During my high school years, my mother and I lived in an apartment above a dentist office. The apartment was the top floor of a small two-story house. The dentist, who owned the building, used the first floor for his practice. Our apartment had two bedrooms, a bathroom, a living room, and an eat-in kitchen. The apartment had its own entrance; there were two front doors to the house, one leading to the apartment upstairs, the other to the dentist office. These doors were a source of confusion to his patients. It wasn’t unusual for me to come home from school to discover a person or two reading magazines in our living room, mistaking it for the dental reception area.
I often wonder what it would be like today for me to live in an apartment over a commercial business. In Cannon Beach it might be over a store, a restaurant, a gallery, or even a medical office. It appears there is no dentist in Cannon Beach. It couldn’t be an apartment over a pot shop as that isn’t legal according to some ordinance. I remember a brief conversation months ago with one of the gentlemen who moved their home décor business in Cannon Beach to Astoria when the ground-floor retail space became a marijuana shop. The men lived above the store, so not only were they forced to relocate their business, but they also had to move house. That seemed like a dumb reason to force a tenant out. I’m glad the city remedied that last week by changing the ordinance and allowing such arrangements.
Remember that old show, “The Mothers-In-Law” starring Kay Ballard and Eve Arden? When Eve’s daughter married Kay’s son, to save money, the young couple, moved into Kay —or maybe it was Eve’s — garage apartment. If it were legal, a garage apartment in Cannon Beach I think would be charming to live in, especially if it was close to the beach or out of the tsunami zone. A modest two-car garage is approximately 20 feet wide by 20 feet deep or approximately 400 square feet. I lived in apartments in Greenwich Village that weren’t any bigger. Location, as they say, is everything.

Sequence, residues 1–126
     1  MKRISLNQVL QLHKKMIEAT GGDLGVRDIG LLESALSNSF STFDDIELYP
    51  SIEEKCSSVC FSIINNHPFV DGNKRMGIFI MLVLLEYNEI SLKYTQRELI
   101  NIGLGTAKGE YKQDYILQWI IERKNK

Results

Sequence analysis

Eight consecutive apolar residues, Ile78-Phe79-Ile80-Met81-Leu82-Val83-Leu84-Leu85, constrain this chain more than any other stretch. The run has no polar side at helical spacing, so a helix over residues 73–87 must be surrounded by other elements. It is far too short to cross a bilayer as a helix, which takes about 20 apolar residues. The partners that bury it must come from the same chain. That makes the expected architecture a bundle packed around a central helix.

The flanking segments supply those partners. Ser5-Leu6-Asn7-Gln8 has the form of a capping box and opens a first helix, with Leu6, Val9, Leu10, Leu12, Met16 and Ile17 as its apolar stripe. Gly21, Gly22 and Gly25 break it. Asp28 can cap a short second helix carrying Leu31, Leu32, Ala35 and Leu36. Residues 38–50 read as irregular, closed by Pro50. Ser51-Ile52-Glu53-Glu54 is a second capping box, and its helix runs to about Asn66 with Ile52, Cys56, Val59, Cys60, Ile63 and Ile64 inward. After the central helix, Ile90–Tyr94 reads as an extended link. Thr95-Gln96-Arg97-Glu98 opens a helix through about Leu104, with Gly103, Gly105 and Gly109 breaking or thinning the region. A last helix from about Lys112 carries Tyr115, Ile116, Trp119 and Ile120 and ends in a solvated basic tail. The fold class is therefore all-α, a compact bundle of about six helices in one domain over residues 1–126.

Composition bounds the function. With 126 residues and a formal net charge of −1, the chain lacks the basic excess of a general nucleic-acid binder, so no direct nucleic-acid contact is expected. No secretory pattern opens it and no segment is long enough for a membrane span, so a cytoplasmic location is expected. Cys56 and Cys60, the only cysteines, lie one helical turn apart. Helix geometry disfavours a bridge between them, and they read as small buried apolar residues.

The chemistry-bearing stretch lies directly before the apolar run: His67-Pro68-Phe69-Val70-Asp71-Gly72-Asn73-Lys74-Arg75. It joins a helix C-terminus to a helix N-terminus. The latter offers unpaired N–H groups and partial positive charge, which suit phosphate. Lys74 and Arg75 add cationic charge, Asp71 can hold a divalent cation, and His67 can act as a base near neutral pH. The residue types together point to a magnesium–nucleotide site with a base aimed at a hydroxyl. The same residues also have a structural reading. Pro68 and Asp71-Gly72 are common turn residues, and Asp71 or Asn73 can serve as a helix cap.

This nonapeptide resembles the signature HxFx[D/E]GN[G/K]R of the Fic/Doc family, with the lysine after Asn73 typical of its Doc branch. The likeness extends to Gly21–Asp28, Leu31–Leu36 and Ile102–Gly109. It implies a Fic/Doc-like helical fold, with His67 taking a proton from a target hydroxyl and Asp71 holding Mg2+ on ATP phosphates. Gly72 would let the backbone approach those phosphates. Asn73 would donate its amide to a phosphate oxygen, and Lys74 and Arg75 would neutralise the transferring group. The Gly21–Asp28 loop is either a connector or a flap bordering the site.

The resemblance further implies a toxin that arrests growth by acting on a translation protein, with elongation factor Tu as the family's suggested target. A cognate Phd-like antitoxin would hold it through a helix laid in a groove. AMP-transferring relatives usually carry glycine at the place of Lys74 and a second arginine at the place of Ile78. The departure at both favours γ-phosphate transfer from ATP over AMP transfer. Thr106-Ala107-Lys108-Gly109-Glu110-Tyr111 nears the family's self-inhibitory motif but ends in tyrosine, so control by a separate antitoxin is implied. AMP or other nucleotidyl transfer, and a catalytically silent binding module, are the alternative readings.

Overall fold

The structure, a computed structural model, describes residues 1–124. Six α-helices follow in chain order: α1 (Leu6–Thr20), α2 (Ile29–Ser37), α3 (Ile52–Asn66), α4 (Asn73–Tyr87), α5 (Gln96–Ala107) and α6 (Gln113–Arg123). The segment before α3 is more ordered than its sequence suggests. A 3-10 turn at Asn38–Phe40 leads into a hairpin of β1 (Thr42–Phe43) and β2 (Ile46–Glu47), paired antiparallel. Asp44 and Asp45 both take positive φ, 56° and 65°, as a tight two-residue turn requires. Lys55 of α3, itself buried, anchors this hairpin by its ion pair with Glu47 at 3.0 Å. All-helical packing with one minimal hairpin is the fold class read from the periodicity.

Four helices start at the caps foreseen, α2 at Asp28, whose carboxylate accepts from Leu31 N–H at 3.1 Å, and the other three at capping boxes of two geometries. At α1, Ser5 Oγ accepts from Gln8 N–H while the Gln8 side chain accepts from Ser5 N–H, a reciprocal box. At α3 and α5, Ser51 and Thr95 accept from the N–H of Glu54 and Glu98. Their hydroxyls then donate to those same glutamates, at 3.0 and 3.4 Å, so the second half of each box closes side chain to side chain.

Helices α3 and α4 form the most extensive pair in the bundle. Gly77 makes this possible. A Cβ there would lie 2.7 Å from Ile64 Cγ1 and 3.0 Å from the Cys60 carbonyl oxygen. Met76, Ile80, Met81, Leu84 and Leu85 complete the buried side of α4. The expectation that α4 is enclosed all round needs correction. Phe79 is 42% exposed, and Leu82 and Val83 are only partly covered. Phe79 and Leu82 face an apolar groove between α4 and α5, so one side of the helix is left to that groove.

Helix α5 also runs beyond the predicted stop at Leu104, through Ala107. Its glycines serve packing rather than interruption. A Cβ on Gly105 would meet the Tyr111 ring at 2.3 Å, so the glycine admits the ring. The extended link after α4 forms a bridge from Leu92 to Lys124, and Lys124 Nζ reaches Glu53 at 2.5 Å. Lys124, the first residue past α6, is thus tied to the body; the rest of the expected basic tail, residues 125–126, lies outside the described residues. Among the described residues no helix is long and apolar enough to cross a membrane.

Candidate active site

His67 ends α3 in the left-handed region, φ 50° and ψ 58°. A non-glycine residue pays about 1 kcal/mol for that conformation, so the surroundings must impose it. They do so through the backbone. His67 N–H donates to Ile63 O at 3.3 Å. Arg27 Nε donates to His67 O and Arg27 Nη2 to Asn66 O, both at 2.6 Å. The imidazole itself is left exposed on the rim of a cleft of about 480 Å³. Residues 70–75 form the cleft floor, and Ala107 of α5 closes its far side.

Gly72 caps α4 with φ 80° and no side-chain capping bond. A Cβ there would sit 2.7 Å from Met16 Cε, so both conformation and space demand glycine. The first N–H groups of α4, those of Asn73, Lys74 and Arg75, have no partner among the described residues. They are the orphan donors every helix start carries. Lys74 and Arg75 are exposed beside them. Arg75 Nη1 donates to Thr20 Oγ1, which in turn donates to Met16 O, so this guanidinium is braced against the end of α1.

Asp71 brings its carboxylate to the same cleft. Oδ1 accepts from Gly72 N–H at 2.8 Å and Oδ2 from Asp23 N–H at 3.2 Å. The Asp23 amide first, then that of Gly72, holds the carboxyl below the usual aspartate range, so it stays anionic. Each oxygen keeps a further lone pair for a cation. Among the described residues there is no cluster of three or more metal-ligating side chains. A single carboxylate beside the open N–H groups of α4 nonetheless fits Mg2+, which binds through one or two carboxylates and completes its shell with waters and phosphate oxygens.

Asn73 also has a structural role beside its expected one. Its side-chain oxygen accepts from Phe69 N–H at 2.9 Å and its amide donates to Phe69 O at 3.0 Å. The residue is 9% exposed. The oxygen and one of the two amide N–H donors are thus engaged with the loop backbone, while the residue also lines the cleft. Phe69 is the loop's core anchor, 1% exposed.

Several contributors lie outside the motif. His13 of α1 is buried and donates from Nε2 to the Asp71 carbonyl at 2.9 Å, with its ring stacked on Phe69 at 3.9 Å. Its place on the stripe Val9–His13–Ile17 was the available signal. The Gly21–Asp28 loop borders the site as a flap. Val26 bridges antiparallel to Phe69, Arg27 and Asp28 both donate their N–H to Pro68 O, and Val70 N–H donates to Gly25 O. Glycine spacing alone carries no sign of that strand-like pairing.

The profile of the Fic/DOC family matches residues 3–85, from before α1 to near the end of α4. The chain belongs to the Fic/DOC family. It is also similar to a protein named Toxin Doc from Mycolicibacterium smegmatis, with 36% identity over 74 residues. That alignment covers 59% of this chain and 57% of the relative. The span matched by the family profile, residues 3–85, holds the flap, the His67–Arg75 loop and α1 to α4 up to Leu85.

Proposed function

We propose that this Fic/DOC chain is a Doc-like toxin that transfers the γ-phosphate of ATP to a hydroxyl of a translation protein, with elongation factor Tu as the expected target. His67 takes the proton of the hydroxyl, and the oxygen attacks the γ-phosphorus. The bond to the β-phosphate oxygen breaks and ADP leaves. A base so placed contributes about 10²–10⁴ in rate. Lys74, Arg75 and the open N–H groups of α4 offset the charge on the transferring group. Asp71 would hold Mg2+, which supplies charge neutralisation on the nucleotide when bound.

Before moving to the Pacific Northwest, my husband and I lived in a New York suburb where accessory housing was a hot potato issue. As taxes skyrocketed, people on fixed or lesser incomes scrambled to make ends meet. Some of them applied to the town planning board, requesting permission to turn portions of their home into accessory housing. Depending on available parking and ceiling height, some, but not many, requests were granted. The homeowners always argued they needed the income, and also that they were helping to grow the tiny but much needed affordable housing market.
I checked real estate websites today for available apartments for rent in Cannon Beach. Only one came up, a 740-square-foot one bedroom one bath unit fully furnished for $1,250 a month. The market, as you might imagine, is very tight. There were no apartments available whatsoever above any commercial business.
It was decades ago, but I still remember loving living over the dentist’s office. It was never boring and we had a key so that in the evenings and on Sundays we could adjust the heat. (The thermostat for the entire house was located in his office.) Sometimes when my mother was in a bad mood, which happened often, I’d slip downstairs and prowl around reading dental files. The eerie room where the dentist did plaster work to make his dental molds was like a weird art studio.
Not everybody gets to live above a dentist’s office but I’m glad I did. Meanwhile finding affordable long-term rental housing in Cannon Beach remains increasingly elusive.